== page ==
Interviews

Daedelus Talks of Technology and Touring with Trebel

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Daedelus is an LA- based electronic musician who constantly pushes the boundaries of sound and live performance. Currently he’s on the road with the band Kneebody, headlining under the collaborative name, Kneedelus. Trebel sat down with Daedelus to discuss his creative muses and what’s to be expected for this year’s tour.

 

Trebel Music: I wanted to start by asking about your time studying double bass at USC? How did that inspire who you are today?
Daedelus: Double Bass is a physically imposing instrument. I was so intoxicated by this that I missed questioning why I was attending school in the first place. Certainly learning music theory has been useful, but in the end it wasn’t that instrument that I made my life in. Crazy how one door closing can open another…

TM: I’m sure a lot of student musicians around the country can relate to your experience. So, how did you transition from upright bass, a very traditional acoustic instrument, to electronic instruments like the Monome?
D
: I’d say the difference isn’t so great. Certainly the Monome (OSC rather than MIDI) needs electronics to function, but the performance of is quite physical; it doesn’t do anything until you’ve pressed. However since it can recreate any sound by sample or synthesis it does diverge from the strings of a bass, and this possibility is what attracted me to augment. I appreciate those who play more than 4 strings, searching for wider sonic range, but it wasn’t for me. I think the form of an instrument dictates not only sound but attitude, and I needed something very askew to make new sounds on if that makes sense?

TM: It absolutely does! Speaking of the Monome, it seems to be one of the most plain looking instruments until you actually try to play it. How did you go about taming the beast and when did you realize that this would be your primary instrument to perform with? What sets it apart from other controllers?
D: That lack of markings not only on the outside of the Monome, but in the coding as well. It’s very streamlined, very blank canvas. Amazing that there are so many grid controllers now, whereas when the Monome was developed by Brian Crabtree in 2003 there was really nothing like it. I could get into the code that mires many of the offering from large companies, but it’s not important. All of these controllers are just possibilities and we are in an explosive period of new performing options because of it.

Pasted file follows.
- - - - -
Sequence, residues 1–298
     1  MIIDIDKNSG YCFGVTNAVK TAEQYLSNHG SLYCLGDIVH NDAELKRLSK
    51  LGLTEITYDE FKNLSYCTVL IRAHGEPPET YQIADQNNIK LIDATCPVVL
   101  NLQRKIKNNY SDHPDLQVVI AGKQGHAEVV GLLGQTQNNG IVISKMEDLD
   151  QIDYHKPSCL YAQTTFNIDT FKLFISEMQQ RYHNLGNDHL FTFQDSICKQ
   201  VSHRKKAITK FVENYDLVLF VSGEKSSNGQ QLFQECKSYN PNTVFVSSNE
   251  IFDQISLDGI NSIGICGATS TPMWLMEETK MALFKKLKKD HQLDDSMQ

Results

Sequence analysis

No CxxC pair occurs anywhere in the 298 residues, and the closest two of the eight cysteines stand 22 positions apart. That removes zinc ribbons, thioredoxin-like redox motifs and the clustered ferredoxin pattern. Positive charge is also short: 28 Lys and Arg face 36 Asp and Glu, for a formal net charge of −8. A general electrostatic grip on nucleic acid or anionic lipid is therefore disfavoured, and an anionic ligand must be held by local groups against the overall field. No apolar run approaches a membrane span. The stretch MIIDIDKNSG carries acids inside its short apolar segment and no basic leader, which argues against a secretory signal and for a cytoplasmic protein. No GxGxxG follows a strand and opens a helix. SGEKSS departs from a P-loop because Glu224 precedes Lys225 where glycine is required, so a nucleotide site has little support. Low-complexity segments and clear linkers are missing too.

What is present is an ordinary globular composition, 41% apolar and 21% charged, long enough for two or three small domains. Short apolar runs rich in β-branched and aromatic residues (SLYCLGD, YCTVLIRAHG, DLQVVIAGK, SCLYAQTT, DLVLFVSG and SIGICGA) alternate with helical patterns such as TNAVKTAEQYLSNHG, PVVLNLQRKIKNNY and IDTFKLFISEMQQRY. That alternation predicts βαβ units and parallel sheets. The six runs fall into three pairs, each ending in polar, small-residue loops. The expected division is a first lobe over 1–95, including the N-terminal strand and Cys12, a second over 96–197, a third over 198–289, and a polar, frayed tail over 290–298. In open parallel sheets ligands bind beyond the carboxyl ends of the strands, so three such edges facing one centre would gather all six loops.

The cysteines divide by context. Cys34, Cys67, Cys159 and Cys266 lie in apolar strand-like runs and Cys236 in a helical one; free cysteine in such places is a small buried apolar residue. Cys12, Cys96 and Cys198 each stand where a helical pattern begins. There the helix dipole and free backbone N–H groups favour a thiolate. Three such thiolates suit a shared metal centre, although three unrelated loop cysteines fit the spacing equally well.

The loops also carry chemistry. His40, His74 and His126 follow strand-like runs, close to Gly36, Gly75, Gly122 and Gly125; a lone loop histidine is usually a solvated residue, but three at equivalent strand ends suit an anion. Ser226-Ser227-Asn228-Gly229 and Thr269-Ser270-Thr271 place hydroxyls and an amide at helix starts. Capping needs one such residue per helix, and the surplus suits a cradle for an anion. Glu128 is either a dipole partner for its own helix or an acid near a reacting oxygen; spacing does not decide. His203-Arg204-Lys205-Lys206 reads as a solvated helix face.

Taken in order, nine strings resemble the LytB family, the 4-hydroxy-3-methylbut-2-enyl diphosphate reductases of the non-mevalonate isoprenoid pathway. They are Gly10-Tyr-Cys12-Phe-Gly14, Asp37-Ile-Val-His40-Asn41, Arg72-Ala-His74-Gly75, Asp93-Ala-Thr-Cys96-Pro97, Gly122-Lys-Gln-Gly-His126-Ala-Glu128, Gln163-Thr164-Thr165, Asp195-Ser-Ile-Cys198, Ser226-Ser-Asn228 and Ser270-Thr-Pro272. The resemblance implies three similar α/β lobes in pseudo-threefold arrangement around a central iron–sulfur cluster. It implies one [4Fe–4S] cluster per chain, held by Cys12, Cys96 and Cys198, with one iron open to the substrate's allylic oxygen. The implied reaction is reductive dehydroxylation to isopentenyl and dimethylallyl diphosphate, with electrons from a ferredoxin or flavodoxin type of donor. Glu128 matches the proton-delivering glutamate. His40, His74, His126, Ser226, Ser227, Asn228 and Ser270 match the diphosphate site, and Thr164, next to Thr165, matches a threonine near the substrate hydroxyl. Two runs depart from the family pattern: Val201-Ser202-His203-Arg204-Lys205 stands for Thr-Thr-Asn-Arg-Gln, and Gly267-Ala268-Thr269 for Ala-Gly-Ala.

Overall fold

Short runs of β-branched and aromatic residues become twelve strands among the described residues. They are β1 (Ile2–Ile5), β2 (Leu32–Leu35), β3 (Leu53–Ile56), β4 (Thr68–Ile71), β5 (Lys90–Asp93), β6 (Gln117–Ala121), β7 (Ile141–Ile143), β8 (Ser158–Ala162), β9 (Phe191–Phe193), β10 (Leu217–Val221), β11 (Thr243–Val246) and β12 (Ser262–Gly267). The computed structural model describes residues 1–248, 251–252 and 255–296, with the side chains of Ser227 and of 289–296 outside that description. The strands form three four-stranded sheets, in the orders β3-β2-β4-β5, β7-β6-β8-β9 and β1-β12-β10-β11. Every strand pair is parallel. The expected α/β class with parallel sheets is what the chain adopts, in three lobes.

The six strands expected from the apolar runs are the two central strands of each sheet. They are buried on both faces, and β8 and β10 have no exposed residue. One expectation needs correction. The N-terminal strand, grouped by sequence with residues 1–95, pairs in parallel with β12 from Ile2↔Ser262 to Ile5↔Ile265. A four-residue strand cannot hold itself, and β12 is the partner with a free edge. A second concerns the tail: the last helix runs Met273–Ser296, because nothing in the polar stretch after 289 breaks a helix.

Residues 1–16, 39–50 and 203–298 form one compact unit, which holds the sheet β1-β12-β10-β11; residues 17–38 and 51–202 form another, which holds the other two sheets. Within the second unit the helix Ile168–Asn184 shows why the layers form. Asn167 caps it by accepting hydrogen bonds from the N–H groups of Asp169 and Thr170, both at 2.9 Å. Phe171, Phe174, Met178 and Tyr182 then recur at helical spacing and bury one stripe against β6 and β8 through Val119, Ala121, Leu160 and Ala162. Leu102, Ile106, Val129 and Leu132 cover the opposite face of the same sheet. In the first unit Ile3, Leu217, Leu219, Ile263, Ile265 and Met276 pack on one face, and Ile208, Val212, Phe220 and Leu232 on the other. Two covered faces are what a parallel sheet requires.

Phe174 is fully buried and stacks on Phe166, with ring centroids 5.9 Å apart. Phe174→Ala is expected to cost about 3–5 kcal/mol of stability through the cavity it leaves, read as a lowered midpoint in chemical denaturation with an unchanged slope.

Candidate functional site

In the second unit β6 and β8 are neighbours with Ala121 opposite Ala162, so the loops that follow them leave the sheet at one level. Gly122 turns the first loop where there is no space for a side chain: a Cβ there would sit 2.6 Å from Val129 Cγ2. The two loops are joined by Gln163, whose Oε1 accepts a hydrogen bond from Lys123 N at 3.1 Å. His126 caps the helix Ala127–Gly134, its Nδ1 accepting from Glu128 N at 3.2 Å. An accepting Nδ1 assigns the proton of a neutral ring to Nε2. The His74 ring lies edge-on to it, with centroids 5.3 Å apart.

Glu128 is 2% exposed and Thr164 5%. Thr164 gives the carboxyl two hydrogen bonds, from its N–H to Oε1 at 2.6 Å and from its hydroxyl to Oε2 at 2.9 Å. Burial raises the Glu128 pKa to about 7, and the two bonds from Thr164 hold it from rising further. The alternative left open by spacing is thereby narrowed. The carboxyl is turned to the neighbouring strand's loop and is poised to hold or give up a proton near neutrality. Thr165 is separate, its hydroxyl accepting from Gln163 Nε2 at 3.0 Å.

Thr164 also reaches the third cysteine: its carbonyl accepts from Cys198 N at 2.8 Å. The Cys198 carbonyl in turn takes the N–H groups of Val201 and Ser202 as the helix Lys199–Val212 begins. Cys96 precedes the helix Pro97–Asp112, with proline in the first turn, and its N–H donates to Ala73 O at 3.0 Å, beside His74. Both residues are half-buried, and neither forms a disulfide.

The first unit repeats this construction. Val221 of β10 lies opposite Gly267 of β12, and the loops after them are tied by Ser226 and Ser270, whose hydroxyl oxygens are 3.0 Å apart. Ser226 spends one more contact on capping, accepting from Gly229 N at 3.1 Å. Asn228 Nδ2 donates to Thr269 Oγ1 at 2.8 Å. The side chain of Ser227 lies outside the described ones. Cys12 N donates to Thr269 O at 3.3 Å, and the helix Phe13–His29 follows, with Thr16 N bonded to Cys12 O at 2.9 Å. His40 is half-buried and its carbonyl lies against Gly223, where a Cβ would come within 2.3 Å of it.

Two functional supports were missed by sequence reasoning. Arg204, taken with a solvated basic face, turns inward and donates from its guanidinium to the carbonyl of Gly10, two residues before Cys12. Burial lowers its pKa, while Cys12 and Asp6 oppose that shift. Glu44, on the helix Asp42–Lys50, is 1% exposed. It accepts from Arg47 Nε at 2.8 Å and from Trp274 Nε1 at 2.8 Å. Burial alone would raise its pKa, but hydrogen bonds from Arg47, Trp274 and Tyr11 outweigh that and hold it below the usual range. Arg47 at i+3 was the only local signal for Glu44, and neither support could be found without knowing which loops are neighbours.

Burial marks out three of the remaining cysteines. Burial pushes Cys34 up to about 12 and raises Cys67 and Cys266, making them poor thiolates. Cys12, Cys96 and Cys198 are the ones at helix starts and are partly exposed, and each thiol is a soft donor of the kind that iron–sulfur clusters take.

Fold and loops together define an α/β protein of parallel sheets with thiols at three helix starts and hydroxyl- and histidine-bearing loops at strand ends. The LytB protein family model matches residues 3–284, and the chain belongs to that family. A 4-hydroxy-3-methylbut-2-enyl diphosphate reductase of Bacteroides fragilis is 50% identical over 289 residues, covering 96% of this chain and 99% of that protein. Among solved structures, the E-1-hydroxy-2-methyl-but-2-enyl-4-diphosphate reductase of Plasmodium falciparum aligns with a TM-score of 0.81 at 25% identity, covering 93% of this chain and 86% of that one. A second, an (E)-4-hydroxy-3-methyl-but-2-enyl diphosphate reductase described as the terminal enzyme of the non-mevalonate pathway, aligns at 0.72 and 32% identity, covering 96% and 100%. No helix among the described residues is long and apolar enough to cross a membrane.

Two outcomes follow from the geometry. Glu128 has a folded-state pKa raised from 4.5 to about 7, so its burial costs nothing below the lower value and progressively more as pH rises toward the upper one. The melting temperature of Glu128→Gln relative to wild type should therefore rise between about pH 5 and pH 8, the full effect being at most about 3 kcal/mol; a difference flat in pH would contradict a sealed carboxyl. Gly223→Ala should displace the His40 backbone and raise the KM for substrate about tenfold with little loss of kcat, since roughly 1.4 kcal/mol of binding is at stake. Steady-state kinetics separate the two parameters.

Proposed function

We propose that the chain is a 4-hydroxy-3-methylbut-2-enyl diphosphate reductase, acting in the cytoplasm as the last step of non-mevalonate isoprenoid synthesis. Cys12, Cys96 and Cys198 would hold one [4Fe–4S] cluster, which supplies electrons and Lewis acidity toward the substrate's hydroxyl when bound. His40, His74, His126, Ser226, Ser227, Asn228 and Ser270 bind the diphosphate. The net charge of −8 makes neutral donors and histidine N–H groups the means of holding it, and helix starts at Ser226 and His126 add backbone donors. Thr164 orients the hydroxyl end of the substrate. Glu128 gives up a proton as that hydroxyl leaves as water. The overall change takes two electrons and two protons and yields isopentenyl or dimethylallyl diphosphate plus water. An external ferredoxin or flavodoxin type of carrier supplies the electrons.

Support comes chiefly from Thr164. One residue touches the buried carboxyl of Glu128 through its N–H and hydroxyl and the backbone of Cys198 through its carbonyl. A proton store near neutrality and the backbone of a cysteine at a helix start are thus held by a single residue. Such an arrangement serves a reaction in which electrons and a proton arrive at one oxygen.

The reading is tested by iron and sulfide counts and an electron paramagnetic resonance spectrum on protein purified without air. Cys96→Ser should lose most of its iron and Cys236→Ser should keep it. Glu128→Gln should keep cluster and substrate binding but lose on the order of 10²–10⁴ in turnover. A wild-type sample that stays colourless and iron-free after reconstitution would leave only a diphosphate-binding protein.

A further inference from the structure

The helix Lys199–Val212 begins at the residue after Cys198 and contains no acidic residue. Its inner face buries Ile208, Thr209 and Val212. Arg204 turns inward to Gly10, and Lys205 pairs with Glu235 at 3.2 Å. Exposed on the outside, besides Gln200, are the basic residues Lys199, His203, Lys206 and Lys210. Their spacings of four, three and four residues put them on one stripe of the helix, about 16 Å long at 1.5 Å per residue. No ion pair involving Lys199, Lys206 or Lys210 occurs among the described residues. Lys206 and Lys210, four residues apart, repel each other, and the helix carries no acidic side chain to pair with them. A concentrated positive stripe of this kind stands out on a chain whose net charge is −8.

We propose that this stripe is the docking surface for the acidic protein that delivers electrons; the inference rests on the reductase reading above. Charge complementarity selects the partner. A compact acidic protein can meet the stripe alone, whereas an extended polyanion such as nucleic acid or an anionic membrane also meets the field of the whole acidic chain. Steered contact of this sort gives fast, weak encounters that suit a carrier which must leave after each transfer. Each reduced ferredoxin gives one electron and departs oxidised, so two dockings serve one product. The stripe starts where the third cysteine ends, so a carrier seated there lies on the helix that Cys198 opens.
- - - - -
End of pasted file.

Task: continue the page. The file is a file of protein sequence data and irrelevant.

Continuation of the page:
TM: It really is one of a kind and such a defining part of your performance. Now, There is a huge scene in LA, especially with the music you produce. What do you think about that scene and where it’s heading? How does this influence you?
D: LA is teeming with talent! Just to think that you can have so many known producers living in this mix, and then a vigorous underground beneath where new and exciting sounds are being experimented. Thankfully I feel like everyone is still searching, and it pushes all the boats to rise with the tide.

TM: That’s a great way to look at it. It seems like there is a lot to be heard from that area. So, you’re also known as a bit of a tech head. I’ve caught your Ted Talks and they were really inspiring. How does technology and the studio influence your music and your work flow?
D: It’s all in service of sound, which itself is to my mind the most direct form of communication. Non-lingual, appealing to the lizard-brain and superego alike. Technology is just another canvas perhaps to put brushes thick with paint on. All my rambling talks online are trying to express my wonder in the little bit I’ve stumbled upon or discovered myself in the utter alchemy of music. As for the studio I think the previously mentioned attitude of the form makes the functioning outcome. I’ve a messy space full of unfulfilled instruments, lots of potential energy, awaiting. Probably my productions are a bit too much like this.